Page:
Van Cortlandt Park (2) in the Bronx was originally built as a 9-hole course in 1885 before later expanding, making “Vanny” the oldest public golf course in the US. It’s also one of the easiest to get to via public transport with the No.1 or 9 trains dropping you off at 242nd Street, just a short walk away. Wide and forgiving, the par-70 layout has been spiffed up recently with more than a half dozen new greens, new tee boxes and improved bunkering and drainage. It’s also got serious New York soul and swag – among the stars to have played there regularly were Sidney Poitier and baseball legend Babe Ruth, and it has been featured in Hollywood hits Wall Street and the Wolf of Wall Street. Tip: Get there early, because the joint can turn into a traffic jam.
Less than 30 minutes east and still in the Bronx you’ll find Pelham Bay (3) and Split Rock (4). Because everyone in New York likes a good deal, the beauty in these two is that they’re right next to one another yet offer vastly different experiences. Split Rock is hilly, tight and has tricky greens with all sorts of knobs and mounds. Holes 15 through 17 there are known as ‘Little Amen Corner’. Pelham Bay, which opened three decades earlier in 1901, is shorter and more open. Getting there also gives you the full New York experience – take the 6 train to Pelham Park stop and transfer for a Number 45 bus.
South of Manhattan, head into Brooklyn and Dyker Beach Golf Club (5). This is where Earl Woods took up golf in 1972 when he was stationed at nearby Fort Hamilton. It has other deep-rooted connections to the game, too, with one of its members, Frank Strafaci, having played in the Masters in 1938 and 1950. The tree-lined course drips all sorts of cool history with the early holes laid out in the late 1800s before John Van Kleek came up with its current layout in 1935. Views of the Verrazano Bridge, sloping greens and a grand stone clubhouse make for a memorable experience as well and getting there isn’t difficult – take the R train to 86th Street and walk for 15 minutes.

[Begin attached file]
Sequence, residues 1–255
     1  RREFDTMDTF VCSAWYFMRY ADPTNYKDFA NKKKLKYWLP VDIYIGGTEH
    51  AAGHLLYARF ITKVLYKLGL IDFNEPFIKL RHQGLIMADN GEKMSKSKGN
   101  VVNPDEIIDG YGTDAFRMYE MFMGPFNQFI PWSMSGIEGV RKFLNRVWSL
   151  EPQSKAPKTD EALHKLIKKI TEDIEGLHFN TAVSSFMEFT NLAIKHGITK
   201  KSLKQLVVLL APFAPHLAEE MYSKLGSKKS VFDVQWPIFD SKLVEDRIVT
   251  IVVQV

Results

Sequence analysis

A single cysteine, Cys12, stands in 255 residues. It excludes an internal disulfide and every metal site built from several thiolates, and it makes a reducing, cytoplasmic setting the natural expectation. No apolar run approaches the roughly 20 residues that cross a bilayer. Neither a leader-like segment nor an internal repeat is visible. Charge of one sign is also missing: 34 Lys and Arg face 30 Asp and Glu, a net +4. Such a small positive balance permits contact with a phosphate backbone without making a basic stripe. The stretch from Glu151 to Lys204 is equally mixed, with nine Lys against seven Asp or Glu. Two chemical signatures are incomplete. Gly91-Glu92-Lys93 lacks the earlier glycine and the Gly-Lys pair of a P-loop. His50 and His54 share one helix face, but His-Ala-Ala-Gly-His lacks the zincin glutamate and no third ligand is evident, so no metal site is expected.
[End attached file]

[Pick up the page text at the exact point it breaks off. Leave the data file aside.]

And further south still, Staten Island’s La Tourette (6) is another of New York’s unique treats. Ride on the Staten Island Ferry after taking the
1 train to South Ferry Station in Manhattan. From there, it’s only a 10-minute cab ride to arguably the best track of this bunch. La Tourette has the look and feel of a private club, but with a public course bargain price at $50. As for the course, it’s plenty wide but has loads of bunkers and small greens with plenty of slope that are in good shape.
THE LURE OF LONG ISLAND